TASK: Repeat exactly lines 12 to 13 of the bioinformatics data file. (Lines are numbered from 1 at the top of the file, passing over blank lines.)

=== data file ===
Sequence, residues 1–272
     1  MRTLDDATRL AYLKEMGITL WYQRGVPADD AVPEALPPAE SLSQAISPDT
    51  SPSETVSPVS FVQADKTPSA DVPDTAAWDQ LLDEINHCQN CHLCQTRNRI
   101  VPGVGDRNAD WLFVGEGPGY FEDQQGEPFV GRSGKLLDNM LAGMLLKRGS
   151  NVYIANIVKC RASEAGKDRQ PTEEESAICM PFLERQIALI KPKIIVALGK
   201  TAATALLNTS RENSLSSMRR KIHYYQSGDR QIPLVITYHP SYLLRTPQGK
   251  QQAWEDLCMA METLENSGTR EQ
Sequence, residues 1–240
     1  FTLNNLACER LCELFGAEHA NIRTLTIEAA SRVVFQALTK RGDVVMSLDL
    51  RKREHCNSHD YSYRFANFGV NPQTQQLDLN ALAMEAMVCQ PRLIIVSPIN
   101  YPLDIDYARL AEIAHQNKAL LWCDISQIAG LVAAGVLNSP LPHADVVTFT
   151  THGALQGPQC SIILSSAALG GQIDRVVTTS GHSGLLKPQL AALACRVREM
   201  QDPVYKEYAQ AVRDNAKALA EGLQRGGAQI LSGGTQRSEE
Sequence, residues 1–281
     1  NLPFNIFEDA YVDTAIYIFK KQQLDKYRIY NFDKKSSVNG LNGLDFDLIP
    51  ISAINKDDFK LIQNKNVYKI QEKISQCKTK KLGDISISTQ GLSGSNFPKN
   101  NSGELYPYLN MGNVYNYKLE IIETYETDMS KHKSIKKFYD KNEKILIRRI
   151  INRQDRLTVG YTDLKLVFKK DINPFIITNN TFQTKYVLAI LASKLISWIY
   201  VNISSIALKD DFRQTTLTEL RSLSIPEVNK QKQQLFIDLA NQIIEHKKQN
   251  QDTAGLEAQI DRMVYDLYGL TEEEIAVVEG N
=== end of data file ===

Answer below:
   151  THGALQGPQC SIILSSAALG GQIDRVVTTS GHSGLLKPQL AALACRVREM
   201  QDPVYKEYAQ AVRDNAKALA EGLQRGGAQI LSGGTQRSEE